I won’t be the first one to tell you that fast cameras need fast memory cards. However, even the fastest cards differ in their read/write speeds between the theoretical and the actual achieved speeds. Read/write times not only depend on the tech specs of your card, but also your camera and transfer devices.
In the field, card read/write speed affects not only how fast the camera’s buffer can clear, but also how fast you can copy images to your computer. When transferring your images to a computer, the following factors are important to consider:
- Card Speed
- Reader Speed
- Reader Interface (eg. USB/Firewire)
D810 Performance with CF Cards
I compared download speeds for 27 images (14-bit, lossless compressed) from the Nikon D810 using two different cards:
- SanDisk Extreme Pro (90MB/s) UDMA 7 CF 16GB card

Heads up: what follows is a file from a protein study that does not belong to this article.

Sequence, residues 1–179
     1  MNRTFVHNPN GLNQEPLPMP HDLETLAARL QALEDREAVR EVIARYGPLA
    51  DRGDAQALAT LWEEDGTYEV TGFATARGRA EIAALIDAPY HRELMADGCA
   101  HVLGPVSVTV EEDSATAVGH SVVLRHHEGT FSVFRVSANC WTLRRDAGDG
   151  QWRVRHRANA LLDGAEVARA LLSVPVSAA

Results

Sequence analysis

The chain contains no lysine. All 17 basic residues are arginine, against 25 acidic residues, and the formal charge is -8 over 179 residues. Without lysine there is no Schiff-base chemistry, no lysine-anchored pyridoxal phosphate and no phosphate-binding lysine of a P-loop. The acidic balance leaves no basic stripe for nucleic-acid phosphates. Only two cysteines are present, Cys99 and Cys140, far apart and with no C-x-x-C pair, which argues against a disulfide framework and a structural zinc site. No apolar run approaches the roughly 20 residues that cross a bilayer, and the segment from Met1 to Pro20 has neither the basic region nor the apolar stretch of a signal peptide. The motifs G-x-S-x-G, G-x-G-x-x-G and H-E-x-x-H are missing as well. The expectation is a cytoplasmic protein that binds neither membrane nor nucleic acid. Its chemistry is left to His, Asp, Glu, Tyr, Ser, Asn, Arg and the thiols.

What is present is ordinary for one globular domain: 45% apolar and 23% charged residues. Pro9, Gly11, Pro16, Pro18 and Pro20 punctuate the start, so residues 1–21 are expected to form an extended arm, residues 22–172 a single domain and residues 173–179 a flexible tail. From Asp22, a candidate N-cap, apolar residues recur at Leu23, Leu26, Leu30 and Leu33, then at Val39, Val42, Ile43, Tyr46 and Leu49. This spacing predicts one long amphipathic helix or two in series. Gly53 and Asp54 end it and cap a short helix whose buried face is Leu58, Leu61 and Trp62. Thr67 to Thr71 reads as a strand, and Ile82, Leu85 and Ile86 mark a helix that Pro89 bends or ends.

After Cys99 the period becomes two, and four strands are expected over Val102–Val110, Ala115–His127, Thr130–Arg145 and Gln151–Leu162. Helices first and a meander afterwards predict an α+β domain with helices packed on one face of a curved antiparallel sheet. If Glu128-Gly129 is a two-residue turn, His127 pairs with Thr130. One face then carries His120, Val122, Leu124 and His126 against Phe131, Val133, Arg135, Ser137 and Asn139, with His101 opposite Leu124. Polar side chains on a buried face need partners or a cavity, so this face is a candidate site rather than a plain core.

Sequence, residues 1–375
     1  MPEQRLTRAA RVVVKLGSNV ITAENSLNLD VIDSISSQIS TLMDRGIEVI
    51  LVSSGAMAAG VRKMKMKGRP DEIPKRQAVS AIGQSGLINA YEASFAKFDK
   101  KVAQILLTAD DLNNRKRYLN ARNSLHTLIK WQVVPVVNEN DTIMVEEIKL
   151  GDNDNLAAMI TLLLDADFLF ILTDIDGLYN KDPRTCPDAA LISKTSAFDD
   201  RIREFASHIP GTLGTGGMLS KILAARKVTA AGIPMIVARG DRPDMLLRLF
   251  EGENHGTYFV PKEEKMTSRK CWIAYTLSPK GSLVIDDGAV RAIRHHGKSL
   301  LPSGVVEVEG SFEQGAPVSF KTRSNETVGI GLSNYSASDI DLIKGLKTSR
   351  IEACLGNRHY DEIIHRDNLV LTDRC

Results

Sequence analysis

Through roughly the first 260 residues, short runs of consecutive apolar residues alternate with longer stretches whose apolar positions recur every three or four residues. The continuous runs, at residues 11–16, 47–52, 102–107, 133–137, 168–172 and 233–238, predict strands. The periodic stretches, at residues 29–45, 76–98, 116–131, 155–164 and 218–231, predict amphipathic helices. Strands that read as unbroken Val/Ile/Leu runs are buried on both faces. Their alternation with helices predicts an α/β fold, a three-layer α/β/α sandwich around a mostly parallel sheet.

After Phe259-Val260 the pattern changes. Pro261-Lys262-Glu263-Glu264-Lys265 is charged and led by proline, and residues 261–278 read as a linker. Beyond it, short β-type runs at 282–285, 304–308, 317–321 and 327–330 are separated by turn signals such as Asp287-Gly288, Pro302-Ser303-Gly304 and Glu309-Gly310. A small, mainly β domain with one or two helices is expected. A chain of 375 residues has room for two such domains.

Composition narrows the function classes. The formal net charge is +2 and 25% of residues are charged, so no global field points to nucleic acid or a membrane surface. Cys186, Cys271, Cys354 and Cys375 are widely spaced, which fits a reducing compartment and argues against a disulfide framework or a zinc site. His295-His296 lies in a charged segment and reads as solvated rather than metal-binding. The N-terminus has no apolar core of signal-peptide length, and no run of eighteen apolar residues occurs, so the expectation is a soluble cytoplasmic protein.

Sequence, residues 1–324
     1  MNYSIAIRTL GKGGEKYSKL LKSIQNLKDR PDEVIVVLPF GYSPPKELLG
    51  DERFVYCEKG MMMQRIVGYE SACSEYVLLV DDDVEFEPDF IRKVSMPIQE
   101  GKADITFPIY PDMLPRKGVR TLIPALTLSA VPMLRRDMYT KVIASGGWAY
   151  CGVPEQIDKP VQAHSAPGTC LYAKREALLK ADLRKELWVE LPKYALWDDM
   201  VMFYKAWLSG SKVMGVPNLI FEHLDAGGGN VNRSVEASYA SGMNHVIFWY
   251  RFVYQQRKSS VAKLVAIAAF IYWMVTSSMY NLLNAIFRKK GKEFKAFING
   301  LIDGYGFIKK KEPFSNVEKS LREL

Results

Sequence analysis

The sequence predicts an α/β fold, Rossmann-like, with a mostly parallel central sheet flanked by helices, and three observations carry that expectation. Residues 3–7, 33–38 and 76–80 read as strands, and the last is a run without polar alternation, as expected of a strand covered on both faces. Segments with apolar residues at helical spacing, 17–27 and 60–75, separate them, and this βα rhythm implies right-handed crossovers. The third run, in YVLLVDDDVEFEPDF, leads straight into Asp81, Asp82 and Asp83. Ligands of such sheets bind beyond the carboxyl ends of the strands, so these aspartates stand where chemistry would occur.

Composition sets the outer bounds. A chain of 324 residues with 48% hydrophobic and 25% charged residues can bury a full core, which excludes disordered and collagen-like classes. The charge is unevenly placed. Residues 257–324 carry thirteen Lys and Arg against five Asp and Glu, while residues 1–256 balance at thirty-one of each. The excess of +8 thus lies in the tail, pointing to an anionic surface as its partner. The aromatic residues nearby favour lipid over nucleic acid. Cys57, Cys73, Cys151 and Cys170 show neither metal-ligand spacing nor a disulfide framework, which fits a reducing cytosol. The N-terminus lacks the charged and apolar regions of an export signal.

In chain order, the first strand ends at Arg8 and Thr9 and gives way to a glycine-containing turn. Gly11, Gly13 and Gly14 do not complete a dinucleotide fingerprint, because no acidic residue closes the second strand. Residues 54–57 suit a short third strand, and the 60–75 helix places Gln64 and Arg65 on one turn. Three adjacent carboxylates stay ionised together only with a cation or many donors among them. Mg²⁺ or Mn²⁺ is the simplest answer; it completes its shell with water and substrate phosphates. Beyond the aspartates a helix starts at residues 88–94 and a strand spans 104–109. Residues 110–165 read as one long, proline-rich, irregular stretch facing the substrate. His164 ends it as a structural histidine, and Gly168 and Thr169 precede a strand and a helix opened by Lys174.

- SanDisk Extreme Pro (160MB/s) UDMA 7 CF 32GB card
I tested each card using the Hoodman Raw Steel reader via USB 3.0 and USB 2.0 interfaces. I downloaded my images to my computer using Photo Mechanic 5 and my typical settings. These settings included file renaming and adding IPTC data to each image as it was copied.
I tested the buffer performance by setting the D810 to capture 14-bit lossless compressed full-size raw images (NEF format) in continuous high-speed release mode (5fps). I determined the number of images I could capture before the buffer was full, and I timed how long it took for the buffer to clear. With these settings, the buffer count shows 19 frames. Continue reading Why Fast Cards Matter: Nikon D810 Performance